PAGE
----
One War at a Time, Again: The Chesapeake Affair

By David A. Carrino, Roundtable Historian
The Cleveland Civil War Roundtable
Copyright © 2014-2015, All Rights Reserved

Editor’s note: This article was the history brief for the March 2015 meeting of the Cleveland Civil War Roundtable.


During the Civil War the United States Navy committed a maritime violation of British sovereignty, which caused a serious international diplomatic incident and which led some in the British Empire to call for war against the U.S. This statement can refer to the November 1861 incident involving the British steamer Trent and the U.S. warship San Jacinto in what came to be known as the Trent Affair, but everyone who is interested in the Civil War knows about the Trent Affair. This statement can also refer to the less widely known December 1863 incident involving the Nova Scotian vessel Investigator and the U.S. gunboat Ella and Annie in what came to be known as the Chesapeake Affair.

At the center of the Chesapeake Affair was a U.S. passenger steamer, the Chesapeake, which made regular runs between New York City and Portland, Maine. A group of 18 Confederate sympathizers, all of whom were citizens of New Brunswick or Nova Scotia and, hence, were British subjects, plotted to hijack the Chesapeake, take her south, and use her to prey on Union shipping. Several of these men had aliases, so their names appear in different forms in the historical record. The masterminds of the plot were Vernon G. Locke and John C. Brain, each of whom was the epitome of a scoundrel. During the summer of 1863, these men and their cohorts met several times in Halifax, Nova Scotia and Saint John, New Brunswick to make their plans.

Judah Benjamin

In a feat of legal legerdemain that would make a shifty defense attorney proud, Vernon Locke concocted a scheme whereby, if the Chesapeake conspirators were apprehended, the commandeering of the Chesapeake would be classified as an act of war rather than an act of piracy, which would spare the perpetrators from charges of piracy, at least according to Locke’s convoluted rationalizing. Locke had in his possession a letter of marque written by Confederate Secretary of State Judah Benjamin authorizing a Confederate raiding ship, the Retribution, to seize Northern merchant ships and sell their cargo. The letter of marque had originally been issued to someone named Thomas Power, who transferred the letter to Locke when Locke took over command of the Retribution. After the Retribution captured some Northern merchant ships in the West Indies early in 1863, the vessel docked in Nassau in March 1863, but she was seized by the authorities because she was judged to be unseaworthy. However, Locke kept the letter of marque for possible future use, and that possibility arrived when Locke planned to use the letter to avoid charges of piracy for the hijacking of the Chesapeake. Locke’s scheme involved renaming the Chesapeake the Retribution and claiming that the vessel’s name in conjunction with the letter of marque constituted evidence that the Chesapeake conspirators were engaged not in an act of piracy, but an act of war.

A drawing of the Chesapeake from the December 26, 1863 Harper’s Weekly

On December 5, 1863, 16 of the conspirators boarded the Chesapeake in New York City as passengers and brought with them a large trunk, which contained a cache of weapons. Sometime between 1:00 and 2:00 a.m. on December 7, when the Chesapeake was at sea off of Cape Cod, the conspirators armed themselves, seized the vessel, and put the ship’s captain, Isaac Willets, in irons. During the hijacking, conspirator John Wade shot and killed the Chesapeake’s second engineer, Orin Schaffer, whose body was thrown overboard. The conspirators released most of the crew and passengers somewhere near Saint John, New Brunswick, and then they continued on to Nova Scotia to refuel for their voyage south. After his release, the Chesapeake’s captain was able to notify U.S. authorities about the commandeering of his vessel, and two U.S. warships were dispatched to pursue the Chesapeake. One of these warships was a gunboat named the Ella and Annie.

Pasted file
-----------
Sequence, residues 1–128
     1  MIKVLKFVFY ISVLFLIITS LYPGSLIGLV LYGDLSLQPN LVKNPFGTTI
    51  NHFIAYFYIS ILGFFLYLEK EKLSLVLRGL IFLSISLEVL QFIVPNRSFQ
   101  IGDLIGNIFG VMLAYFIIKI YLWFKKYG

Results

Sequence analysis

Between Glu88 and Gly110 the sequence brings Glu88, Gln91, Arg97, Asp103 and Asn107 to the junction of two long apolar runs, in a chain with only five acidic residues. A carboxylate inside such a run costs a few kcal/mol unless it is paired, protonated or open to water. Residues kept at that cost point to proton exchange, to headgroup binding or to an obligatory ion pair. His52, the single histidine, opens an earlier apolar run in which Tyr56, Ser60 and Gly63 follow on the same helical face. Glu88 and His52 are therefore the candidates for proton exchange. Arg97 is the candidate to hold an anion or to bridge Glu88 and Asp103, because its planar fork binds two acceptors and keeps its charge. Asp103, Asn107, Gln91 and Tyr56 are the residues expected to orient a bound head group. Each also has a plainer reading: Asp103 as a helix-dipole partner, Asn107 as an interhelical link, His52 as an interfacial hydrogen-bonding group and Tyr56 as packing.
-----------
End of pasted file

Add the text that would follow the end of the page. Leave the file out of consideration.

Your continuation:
As an aside, the Ella and Annie had quite an interesting history. She began her existence as the William G. Hewes in 1860 and operated as a commercial steamer between the East Coast and the Gulf of Mexico. In April 1861 she was seized by the state of Louisiana, renamed the Ella and Annie, and used as a blockade runner. In November 1863, she was captured by a U.S. blockade ship and purchased by the U.S. Navy, which converted her into a gunboat by arming her. A few months after her role in the Chesapeake affair, she was rechristened the USS Malvern, under which name she became David Dixon Porter’s flagship and also transported Abraham Lincoln up the James River to Richmond, Virginia when Lincoln visited the captured Confederate capital.

USS Malvern

For a week after the hijacking of the Chesapeake, the Ella and Annie pursued the commandeered vessel along the southern coast of Nova Scotia, while the Chesapeake conspirators frantically tried to find a large enough supply of coal to fuel their captured ship’s voyage south. After one close call, in which the Chesapeake’s lights were turned off so the vessel could steam away unseen during the night, the Ella and Annie caught up to the hijacked ship on December 17 when the Chesapeake was taking on coal from a Nova Scotian vessel named the Investigator. The Investigator had been contracted by the conspirators to bring a supply of coal to the Chesapeake, and the transfer was being done in the harbor at Sambro, Nova Scotia, in other words, in British territorial waters. In spite of this, the captain of the Ella and Annie, J.F. Nickels, took control of the Chesapeake and also had a party board the Investigator, a British ship in British waters, where they found and took prisoner one of the conspirators, John Wade, the person who killed the Chesapeake’s second engineer. No other conspirators were found, because all of them had fled when they sighted the Ella and Annie closing on the Chesapeake. A boarding party from the Ella and Annie found two residents of Halifax, brothers William and Alexander Henry, on board the Chesapeake, because they had been contracted by the Chesapeake conspirators to serve as engineers, and the Henry brothers were also taken prisoner.